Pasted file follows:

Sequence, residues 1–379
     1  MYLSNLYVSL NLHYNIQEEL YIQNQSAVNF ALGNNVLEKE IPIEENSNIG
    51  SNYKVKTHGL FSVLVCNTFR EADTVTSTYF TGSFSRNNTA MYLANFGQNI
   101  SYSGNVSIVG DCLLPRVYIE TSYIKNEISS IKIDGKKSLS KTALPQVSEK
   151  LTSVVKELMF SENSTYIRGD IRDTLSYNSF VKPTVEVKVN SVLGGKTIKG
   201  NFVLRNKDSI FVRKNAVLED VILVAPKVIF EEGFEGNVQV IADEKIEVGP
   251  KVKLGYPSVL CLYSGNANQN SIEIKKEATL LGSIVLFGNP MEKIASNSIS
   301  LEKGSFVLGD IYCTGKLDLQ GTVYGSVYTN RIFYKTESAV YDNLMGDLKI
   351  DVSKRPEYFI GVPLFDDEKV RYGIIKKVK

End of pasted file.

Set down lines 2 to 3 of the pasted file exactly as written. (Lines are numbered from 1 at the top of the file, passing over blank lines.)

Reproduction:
     1  MYLSNLYVSL NLHYNIQEEL YIQNQSAVNF ALGNNVLEKE IPIEENSNIG
    51  SNYKVKTHGL FSVLVCNTFR EADTVTSTYF TGSFSRNNTA MYLANFGQNI